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Madame May's Mystical Ministrations
I was walking around the annual Octoberfest festival when I stumbled over a tent peg and landed, butt first, in a pile of crisp, colorful leaves. There was a bit of good-natured snickering from the families that turned my way to see what all the commotion was about - adorable kids wearing cute knit caps peered at me around grand swaths of cotton candy, bored teenagers looked up briefly from their cell phones to take a picture of me before returning to their perennial state of disassociation and parents smiled and headed my way to help me up.
After getting up, giving my thanks to my rescuers and brushing the red and yellow leaves from my coat and pants a voice said, "I knew that was going to happen."
I turned and saw a pudgy, middle-aged lady wearing a robe with stars and moons on it. She had wonderfully elaborate rings on her fingers and was wearing an amulet with a long knife blade at the end of it around her neck.
"And you couldn't have told me ahead of time?"
She tapped a sign that stood outside her tent - the tent with the tent peg I tripped over - with intricately detailed calligraphy, the sign read: "Madame May's Mystical Ministrations - Futures Predicted, Dead Talked To".
I gave her a look of incomprehension. She sighed, rolled her eyes, and pointed at the bottom line.
Yes," I protested, "but I didn't know you knew something would happen, right? I mean, isn't that more your field? Besides, it's already happened, why would I want to give you $20 now?"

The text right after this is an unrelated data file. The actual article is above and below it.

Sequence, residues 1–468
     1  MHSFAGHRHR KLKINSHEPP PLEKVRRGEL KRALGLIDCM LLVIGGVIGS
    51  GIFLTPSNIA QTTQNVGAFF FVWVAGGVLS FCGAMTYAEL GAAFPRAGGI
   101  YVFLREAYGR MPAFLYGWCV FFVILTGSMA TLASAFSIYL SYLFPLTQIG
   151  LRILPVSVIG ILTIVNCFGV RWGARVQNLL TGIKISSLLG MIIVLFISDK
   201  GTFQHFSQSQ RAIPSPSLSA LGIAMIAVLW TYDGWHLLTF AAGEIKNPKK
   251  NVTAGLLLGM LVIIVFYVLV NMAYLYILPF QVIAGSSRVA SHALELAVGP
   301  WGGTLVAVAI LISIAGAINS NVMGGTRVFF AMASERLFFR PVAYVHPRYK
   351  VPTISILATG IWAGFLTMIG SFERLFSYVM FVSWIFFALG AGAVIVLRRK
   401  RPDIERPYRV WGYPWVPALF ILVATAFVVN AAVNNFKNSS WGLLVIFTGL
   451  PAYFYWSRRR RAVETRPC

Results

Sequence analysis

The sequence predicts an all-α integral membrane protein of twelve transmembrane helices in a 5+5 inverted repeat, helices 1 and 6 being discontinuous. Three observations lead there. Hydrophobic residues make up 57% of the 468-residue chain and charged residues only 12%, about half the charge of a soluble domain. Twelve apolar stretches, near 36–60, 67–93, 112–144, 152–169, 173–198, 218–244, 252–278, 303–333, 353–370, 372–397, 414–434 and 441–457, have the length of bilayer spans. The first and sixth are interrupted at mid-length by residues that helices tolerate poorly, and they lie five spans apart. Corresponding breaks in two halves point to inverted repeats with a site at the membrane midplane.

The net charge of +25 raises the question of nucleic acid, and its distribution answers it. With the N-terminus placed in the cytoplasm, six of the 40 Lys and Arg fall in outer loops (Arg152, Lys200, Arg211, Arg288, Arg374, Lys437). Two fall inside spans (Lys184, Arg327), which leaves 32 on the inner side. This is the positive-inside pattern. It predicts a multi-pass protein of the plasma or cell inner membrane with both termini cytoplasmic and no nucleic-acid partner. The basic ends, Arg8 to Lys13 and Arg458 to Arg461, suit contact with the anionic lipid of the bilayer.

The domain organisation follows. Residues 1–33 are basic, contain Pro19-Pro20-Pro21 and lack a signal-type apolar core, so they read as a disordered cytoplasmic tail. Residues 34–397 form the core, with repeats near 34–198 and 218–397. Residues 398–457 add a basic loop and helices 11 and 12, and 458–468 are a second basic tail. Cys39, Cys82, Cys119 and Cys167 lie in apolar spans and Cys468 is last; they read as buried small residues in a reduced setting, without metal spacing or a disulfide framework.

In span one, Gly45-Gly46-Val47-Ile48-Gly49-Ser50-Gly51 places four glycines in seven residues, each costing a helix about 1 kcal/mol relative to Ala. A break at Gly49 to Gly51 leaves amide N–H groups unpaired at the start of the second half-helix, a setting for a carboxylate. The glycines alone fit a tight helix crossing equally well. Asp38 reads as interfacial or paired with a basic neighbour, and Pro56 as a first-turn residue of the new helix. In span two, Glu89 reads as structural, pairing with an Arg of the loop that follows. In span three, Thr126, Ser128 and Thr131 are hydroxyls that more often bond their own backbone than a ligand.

She gave me a look while continuing to point to the part of her sign that read $20 and said, "Do you think it's maybe possible that there might be something else you may need to know?" She wiggled her eyebrows and nodded her head. I reached into my wallet, handed her a twenty, and followed her inside.
The tent was everything you'd expect - dark and musty, smell of burnt incense, skulls and strange symbols decorating the walls, and, of course, the requisite small table with big glass ball book-ended by two chairs.
She sat down, pointed to the opposite chair and started right in.
"I'm seeing someone...someone very dear to you...things are a bit fuzzy..."
"Oh, that must be my uncle Oris, he always had to shave twice a day."
She gave me another look and continued. "I think their name starts with an...M."
I shook my head.
"Things can be unclear sometimes...maybe it's an...R?"
I got up to leave and she grabbed my wrist. "I'm just joking. Sit down...sit down."
As I began to sit back down, she said, "You are going to trip over a tent pole."
Half sitting and half standing, I gaped at her.
"You are going to trip over a tent pole," she repeated.
"Are you serious?" I asked, my voice rising.
Calmly, she nodded her head.
"But I already did that!"
More head nodding.
"And you just charged me $20 to tell me that?"
"And you're not going to give me the twenty back, are you?"
A shake of the head.
I stormed out of the tent, looked at the tent pole I tripped over, headed the other way, tripped over another tent pole and landed, butt first, in another pile of leaves.
There was more good-natured laughter, more little kids with cotton candy, more teenagers taking cell phone pictures and more smiling parents offering to help me up.
As I brushed the leaves off me again I saw Madame May standing outside the tent holding a $20 in one hand and pointing to a sign on this side of her doorway. The sign read: "$20 To Predict Your Future, $40 To Tell You How To Change It".
She tipped me a wink and went back inside.
"Bitch," I murmured under my breath.
"I think you mean witch, dear," was the reply from the tent.